Friday, November 07, 2008

The Impossible Virgin

Sometimes it helps to look back when looking forward. My son is wanting to write a novel, and so, from time to time, he comes to me and says, "Mom, I have an idea for a book." Often, his ideas are not novel enough, but he does not know this because he has not read enough to know what has already been written.

Good writers are first good readers. Voracious readers, in most cases. How good I am depends upon who is asking the question, but I was once a voracious reader of novels. Mom is to blame. She took me to the library, weekly in the summer, and guided my reading, from my middle school years until her death. When I was a teenager, I enjoyed thrillers and what mom called "mysteries" which were billed as gothic suspense. When she handed me The Impossible Virgin, having plucked it from the shelves of the Jefferson Public Library, I was a bit shocked. It did not look at all like a mystery, with its modern art cover and titillating title. But mom had earned my absolute trust in such matters, so I put it in my checkout pile.

Since The Impossible Virgin is the fifth story in the series of Modesty Blaise novels, I had a bit of a chore figuring out the backstory, but these books stand alone well enough, especially the early ones, so I was soon engrossed. O'Donnell published eleven novels and two books of short stories starring Modesty Blaise, who is a far more entertaining figure that Ian Fleming's James Bond. As a teenager, I was only able to find four of them, all via the local libraries. As a young adult, I read a couple more, and after the internet made shopping used books much easier, I managed to purchase all of the series, save one.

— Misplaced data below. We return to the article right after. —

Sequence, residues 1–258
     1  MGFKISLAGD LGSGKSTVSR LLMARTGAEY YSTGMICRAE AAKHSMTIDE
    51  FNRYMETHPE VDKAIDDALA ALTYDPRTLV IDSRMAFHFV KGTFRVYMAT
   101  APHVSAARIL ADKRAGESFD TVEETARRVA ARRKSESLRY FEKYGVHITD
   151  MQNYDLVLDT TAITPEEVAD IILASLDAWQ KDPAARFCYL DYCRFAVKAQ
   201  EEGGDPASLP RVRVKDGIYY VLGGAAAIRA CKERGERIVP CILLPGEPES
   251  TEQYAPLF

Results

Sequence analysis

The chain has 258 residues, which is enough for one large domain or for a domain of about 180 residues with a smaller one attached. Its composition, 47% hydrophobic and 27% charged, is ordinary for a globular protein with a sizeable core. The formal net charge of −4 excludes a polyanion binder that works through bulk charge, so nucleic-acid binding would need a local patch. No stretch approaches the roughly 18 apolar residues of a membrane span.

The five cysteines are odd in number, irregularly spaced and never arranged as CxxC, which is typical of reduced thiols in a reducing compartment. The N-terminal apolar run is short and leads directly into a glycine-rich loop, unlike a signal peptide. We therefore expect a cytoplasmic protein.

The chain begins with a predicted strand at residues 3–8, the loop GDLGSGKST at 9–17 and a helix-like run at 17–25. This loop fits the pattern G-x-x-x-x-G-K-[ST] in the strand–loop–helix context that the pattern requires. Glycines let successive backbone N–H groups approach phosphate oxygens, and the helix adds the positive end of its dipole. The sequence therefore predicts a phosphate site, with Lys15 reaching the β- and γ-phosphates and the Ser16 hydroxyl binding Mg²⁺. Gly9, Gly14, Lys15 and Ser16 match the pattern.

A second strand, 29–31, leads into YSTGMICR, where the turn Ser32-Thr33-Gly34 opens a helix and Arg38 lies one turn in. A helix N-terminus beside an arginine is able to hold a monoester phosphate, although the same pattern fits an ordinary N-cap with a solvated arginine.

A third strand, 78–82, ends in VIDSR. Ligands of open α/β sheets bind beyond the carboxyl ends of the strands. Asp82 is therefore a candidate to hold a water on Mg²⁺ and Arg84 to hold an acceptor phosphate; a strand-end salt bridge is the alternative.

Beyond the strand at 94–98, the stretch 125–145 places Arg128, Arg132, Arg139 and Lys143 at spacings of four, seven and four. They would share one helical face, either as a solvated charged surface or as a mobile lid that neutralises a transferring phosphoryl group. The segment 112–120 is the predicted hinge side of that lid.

When I published The Gift Horse, a reporter at our local paper conducted a telephone interview, and she asked me what influenced my writing. My answer was "reading the news" and certainly reading some of the odd stories that are online have been in the back of my mind when I wrote some of the scenes that readers have called "fantastic" or "implausible," but another influence, one harder to describe, are all of the characters, plot devices, and action scenes in the fiction I read for years and years, prior to taking on the task of novel writing myself. As a writer, I rely on what has already been written, for research, or merely for ideas.

Recently, my son proposed a scene, where a character is strapped to a chair, and as I listened to what he thought was a great idea, I said, "Wait a minute... that has already been written, and you must see how he did it." Immediately, I went to one of the numerous book cases in my home, pulled out an old paperback copy of The Impossible Virgin and had my son read the scene, written by a master, almost 40 years ago. I've read many, many action/adventure novels, and the first five novels in the Modesty Blaise series are among the best.

I do hope that my son is able to realize his dream and write a good action novel. But he has not yet read enough to be ready for the task.

In looking for a few details, I noticed that there are now some web based resources for O'Donnell fans, including a website, and more than a bio on Wikipedia, and I am linking to those for any readers who want to know more about this wonderful writer, who also wrote gothic suspense under the pen name Madeline Brent.

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